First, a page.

The dysteleological argument or argument from poor design is an argument against the existence of God, specifically against the existence of a creator God (in the sense of a God that directly created all species of life). It is based on the following chain of reasoning:
The argument is structured as a basic Modus tollens: if "creation" contains many defects, then design is not a plausible theory for the origin of our existence. It is most commonly used in a weaker way, however: not with the aim of disproving the existence of God, but rather as a reductio ad absurdum of the well-known argument from design, which runs as follows:
The complete phrase "argument from poor design" has rarely been used in the literature, but arguments of this type have appeared many times, sometimes referring to poor design, in other cases to suboptimal design, unintelligent design, or dysteleology; the last is a term applied by the nineteenth-century biologist Ernst Haeckel to the implications of organs so rudimentary as to be useless to the life of an organism (p. 331). Haeckel, in his book The History of Creation, devoted most of a chapter to the argument, and ended by proposing, perhaps with tongue slightly in cheek, to set up "a theory of the unsuitability of parts in organisms, as a counter-hypothesis to the old popular doctrine of the suitability of parts" (p. 331). The term Incompetent design has been coined by Donald Wise of the University of Massachusetts to describe aspects of nature that are currently flawed in design. The name stems from the acronym I.D. and is used to counter-balance arguments for intelligent design by a creator that are used by creationists.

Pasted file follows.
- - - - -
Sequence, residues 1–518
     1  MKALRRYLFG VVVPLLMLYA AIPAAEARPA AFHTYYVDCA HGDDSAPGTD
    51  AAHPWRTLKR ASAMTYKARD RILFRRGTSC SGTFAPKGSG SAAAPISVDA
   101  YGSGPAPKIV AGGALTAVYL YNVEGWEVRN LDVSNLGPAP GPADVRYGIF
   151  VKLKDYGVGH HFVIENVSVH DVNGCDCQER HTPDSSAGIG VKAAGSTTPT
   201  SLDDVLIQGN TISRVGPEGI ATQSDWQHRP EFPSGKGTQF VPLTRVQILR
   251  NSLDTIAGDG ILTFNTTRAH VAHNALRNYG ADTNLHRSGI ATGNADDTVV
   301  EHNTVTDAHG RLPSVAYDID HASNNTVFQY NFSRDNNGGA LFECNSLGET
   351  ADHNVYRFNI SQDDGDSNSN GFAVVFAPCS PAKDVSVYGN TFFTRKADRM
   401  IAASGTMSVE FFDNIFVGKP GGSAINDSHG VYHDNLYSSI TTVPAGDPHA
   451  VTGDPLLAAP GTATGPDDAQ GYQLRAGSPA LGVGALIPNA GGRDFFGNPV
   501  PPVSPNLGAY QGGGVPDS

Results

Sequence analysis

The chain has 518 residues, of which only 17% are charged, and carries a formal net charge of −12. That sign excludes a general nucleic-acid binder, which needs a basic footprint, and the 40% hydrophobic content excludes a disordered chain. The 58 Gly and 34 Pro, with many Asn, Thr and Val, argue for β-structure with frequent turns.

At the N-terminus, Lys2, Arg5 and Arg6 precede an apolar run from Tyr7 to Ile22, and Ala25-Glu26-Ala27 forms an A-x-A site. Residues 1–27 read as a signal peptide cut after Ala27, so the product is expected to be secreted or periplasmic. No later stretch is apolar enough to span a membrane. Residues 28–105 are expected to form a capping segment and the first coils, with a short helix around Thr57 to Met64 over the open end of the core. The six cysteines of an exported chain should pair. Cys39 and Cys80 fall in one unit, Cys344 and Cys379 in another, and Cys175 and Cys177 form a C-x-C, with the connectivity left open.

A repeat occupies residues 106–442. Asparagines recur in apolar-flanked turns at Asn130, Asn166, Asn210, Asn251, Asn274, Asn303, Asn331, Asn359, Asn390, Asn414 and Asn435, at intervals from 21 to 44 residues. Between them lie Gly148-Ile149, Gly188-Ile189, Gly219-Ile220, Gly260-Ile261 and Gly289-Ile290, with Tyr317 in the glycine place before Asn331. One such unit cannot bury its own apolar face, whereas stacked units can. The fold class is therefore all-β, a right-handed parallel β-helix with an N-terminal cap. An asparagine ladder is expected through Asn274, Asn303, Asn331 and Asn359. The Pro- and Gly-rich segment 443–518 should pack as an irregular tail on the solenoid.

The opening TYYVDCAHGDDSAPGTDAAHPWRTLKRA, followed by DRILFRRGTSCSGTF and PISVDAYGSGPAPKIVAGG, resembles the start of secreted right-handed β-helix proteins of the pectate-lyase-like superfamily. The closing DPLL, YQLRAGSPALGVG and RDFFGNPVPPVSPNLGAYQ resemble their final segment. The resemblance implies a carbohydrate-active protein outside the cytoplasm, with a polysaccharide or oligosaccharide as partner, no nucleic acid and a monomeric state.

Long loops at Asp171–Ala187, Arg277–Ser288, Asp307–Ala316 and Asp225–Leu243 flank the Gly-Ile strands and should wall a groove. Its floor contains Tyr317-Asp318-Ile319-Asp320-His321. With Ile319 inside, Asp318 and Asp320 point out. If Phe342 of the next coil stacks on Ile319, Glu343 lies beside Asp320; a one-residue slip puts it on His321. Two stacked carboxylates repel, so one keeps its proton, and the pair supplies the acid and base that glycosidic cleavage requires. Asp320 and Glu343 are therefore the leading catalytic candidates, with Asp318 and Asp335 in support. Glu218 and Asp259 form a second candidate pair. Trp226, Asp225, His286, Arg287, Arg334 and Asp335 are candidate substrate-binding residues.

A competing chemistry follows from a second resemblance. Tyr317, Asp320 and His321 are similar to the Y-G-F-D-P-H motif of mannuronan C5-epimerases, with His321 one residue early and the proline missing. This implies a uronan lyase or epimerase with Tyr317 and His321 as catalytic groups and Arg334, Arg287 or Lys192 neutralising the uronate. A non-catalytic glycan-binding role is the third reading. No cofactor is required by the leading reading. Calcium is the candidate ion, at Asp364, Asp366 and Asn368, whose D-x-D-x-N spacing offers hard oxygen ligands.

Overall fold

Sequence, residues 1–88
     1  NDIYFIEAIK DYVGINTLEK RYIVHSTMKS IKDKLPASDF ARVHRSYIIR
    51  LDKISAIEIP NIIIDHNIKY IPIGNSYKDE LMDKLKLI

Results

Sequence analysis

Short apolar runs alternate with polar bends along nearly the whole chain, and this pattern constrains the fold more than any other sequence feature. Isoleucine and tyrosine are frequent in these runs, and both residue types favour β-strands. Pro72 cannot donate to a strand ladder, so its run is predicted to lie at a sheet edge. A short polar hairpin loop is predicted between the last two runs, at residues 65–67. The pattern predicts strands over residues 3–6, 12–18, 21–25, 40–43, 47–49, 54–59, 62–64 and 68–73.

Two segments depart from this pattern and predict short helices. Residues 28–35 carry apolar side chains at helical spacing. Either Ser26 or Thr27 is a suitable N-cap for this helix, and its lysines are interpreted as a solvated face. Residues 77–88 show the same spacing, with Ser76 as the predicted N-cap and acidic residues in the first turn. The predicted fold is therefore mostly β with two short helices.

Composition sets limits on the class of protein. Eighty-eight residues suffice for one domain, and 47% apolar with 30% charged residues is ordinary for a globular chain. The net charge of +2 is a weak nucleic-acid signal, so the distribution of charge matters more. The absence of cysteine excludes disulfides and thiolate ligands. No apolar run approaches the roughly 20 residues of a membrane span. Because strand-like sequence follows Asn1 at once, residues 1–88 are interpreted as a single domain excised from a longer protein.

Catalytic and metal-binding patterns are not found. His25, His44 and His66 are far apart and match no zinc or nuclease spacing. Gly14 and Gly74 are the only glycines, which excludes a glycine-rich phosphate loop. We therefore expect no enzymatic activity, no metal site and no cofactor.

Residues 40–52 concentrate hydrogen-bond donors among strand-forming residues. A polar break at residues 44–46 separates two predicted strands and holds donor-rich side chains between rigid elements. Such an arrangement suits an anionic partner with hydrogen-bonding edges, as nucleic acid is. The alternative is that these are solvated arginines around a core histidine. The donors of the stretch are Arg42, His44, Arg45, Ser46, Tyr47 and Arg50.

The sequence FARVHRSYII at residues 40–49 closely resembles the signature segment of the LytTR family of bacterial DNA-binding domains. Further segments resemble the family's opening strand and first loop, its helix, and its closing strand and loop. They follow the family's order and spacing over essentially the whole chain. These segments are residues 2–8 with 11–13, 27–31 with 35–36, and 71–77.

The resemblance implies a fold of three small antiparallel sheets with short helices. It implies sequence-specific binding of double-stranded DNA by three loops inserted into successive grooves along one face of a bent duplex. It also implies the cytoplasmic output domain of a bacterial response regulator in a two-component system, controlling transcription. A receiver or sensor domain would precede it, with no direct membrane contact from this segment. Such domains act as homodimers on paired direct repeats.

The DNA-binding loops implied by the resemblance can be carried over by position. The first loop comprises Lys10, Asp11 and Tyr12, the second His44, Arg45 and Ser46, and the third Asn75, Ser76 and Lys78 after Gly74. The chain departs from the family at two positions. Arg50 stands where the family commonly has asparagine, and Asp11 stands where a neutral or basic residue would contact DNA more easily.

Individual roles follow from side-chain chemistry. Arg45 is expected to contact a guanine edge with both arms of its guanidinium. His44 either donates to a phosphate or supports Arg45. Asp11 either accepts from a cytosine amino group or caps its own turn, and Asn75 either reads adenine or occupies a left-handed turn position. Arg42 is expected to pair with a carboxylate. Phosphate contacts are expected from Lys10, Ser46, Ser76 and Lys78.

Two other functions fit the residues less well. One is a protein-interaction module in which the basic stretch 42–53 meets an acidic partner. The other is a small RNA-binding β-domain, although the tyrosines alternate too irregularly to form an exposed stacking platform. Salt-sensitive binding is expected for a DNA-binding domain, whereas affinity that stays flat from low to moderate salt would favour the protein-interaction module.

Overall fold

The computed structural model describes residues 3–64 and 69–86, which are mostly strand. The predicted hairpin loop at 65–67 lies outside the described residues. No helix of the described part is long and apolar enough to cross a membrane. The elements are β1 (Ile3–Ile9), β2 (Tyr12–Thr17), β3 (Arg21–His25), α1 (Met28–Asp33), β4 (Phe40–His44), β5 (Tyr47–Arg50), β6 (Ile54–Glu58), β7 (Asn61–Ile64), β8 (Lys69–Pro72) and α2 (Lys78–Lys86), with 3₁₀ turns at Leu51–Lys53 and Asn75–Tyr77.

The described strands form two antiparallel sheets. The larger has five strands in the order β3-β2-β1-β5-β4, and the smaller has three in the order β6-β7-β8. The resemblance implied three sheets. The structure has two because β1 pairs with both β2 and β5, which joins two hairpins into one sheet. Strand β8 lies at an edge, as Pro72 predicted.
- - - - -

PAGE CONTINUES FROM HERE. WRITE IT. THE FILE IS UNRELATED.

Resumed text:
The human reproductive system includes the following:
Other critics argue that if these design failures are the deliberate products of an intelligent designer, then the designer must be either inept or sadistic. Or possibly there was a large number of designers, as in the old joke that "a camel is a horse designed by a committee".
"Poor design" is consistent with the predictions of the scientific theory of evolution by means of natural selection. This predicts that features that were evolved for certain uses, are then reused or co-opted for different uses, or abandoned altogether; and that suboptimal state is due to the inability of the hereditary mechanism to eliminate the particular vestiges of the evolutionary process.
In terms of a fitness landscape, natural selection will always push "up the hill", but a species cannot normally get from a lower peak to a higher peak without first going through a valley.
The argument from poor design is one of the arguments that was used by Charles Darwin; modern proponents have included Stephen Jay Gould and Richard Dawkins. They argue that such features can be explained as a consequence of the gradual, cumulative nature of the evolutionary process. Theistic Evolutionists generally reject the argument from design, but do not necessarily reject the existence of God.